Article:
On April 21, 2022, President Biden announced the launch of a new program called “Uniting for Ukraine” to offer Ukrainian nationals (and their non-Ukrainian immediate family members) who fled their country following the recent Russian invasion a chance to come to the United States via what has been portrayed as private sponsorship.1 This comes after Biden’s commitment made in Brussels to welcome 100,000 Ukrainians with a focus on reuniting families.2
This report focuses on the Uniting for Ukraine program and the benefits associated with it under the new Additional Ukraine Supplemental Appropriations Act, 2022 (H.R. 7691).
A number of important takeaways:
- Uniting for Ukraine allows for admission to the United States under “humanitarian parole” for an initial period of two years, and is renewable.
- Ukrainian parolees will be eligible for employment authorization and Social Security numbers, as well as refugee resettlement benefits.
- This process must be initiated by “U.S.-based supporters” (sponsors) who agree to provide them with financial support during their stay here; Ukrainians abroad cannot directly apply for parole under this program.
- A U.S.-based supporter does not have to be a U.S. national or citizen, or even a green card holder. Asylees, refugees, parolees, TPS holders, and beneficiaries of deferred action (including DACA) or Deferred Enforced Departure can also act as supporters under this program.
- Even though a separate Form I-134 must be filed for each beneficiary, multiple supporters can agree to support one beneficiary. An organization or any other entity (such as a refugee resettlement agency) can offer to provide financial or other services to the beneficiary to facilitate support. This added support will be taken into account when determining the signatory’s ability to support the beneficiary.
- Uniting for Ukraine is being presented as a private sponsorship arrangement, but is not necessarily “private”. Federal funds (i.e., taxpayer dollars) that go to resettlement agencies can in turn be used as added support in the Declaration of Financial Support form submitted to admit a Ukrainian beneficiary into the United States.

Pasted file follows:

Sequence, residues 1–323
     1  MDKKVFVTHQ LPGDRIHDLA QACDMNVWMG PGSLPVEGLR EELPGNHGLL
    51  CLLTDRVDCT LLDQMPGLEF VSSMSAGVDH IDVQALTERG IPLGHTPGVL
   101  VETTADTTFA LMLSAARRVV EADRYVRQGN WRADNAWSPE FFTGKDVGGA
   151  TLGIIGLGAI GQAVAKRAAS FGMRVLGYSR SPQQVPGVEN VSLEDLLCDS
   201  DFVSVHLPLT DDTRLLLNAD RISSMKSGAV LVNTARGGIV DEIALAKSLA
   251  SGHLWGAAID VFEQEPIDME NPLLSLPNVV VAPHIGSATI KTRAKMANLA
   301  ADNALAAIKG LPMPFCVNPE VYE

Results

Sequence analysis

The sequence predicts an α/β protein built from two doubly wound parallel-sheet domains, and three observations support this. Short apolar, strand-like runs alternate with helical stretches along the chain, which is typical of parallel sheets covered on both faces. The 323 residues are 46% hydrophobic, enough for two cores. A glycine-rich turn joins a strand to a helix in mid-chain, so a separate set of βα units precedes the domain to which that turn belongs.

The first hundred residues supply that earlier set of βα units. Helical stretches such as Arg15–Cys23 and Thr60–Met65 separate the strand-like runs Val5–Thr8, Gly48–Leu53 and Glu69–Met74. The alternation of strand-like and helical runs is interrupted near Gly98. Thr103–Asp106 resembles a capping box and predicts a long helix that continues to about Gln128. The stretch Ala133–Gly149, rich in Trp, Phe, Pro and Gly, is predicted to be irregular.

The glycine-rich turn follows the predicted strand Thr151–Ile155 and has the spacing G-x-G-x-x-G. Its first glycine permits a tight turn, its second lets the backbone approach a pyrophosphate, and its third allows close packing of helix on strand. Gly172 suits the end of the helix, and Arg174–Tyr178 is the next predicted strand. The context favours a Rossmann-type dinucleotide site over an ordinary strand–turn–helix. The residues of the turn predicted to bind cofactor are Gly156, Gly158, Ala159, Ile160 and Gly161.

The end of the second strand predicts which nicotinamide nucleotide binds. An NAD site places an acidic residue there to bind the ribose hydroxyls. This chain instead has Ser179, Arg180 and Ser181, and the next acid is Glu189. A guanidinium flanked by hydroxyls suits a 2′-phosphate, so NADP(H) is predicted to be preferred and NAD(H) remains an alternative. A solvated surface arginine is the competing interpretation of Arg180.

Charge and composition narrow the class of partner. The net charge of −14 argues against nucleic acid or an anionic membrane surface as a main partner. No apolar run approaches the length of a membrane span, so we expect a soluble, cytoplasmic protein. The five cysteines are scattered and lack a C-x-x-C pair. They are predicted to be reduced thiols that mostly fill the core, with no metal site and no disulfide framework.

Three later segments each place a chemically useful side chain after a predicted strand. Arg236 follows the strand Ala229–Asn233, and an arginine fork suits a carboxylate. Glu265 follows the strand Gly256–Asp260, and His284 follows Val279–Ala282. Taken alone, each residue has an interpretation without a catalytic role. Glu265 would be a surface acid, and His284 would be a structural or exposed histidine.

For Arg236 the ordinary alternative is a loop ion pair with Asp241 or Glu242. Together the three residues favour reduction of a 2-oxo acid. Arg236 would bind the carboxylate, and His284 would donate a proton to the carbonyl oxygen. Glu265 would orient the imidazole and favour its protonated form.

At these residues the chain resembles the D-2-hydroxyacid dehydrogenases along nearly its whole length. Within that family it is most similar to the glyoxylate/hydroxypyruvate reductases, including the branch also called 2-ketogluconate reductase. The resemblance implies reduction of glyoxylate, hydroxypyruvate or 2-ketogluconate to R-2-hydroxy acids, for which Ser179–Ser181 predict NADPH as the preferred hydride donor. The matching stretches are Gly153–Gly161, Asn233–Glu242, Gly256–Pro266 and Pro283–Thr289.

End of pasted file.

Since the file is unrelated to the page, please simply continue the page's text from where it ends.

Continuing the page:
- Furthermore, upon arrival (as per H.R. 7691), Ukrainian parolees will receive refugee resettlement benefits, including cash and medical assistance (which were recently extended from eight to 12 months).
- Ukrainian parolees, receiving federal assistance and resettlement benefits, can use those funds to sponsor additional Ukrainian parolees, who in turn will receive the same federal assistance upon arrival. And in case these funds are not sufficient, resettlement agencies will be able to chip in additional funds to get the process rolling, potentially creating a taxpayer-funded cycle.
- Meanwhile, actual refugee admissions under the U.S. refugee resettlement program remain low. Only 12,641 refugees were resettled so far in FY 2022 under a 125,000 ceiling. Only 886 were Ukrainians.
The “new streamlined process” under Uniting for Ukraine, which began on April 25, allows Ukrainians to come to the United States straight from Europe for an initial period of two years under humanitarian parole.3 Ukrainians need to be “privately” sponsored by “U.S.-based supporters” who commit to provide them with financial support for the duration of their stay. U.S.-based supporters can be U.S. citizens and nationals or green card holders; but they can also be individuals who hold other lawful status in the United States, such as asylees, refugees, parolees, people on temporary (nonimmigrant) visas, TPS holders, or those benefiting from deferred action (including DACA) or Deferred Enforced Departure (DED).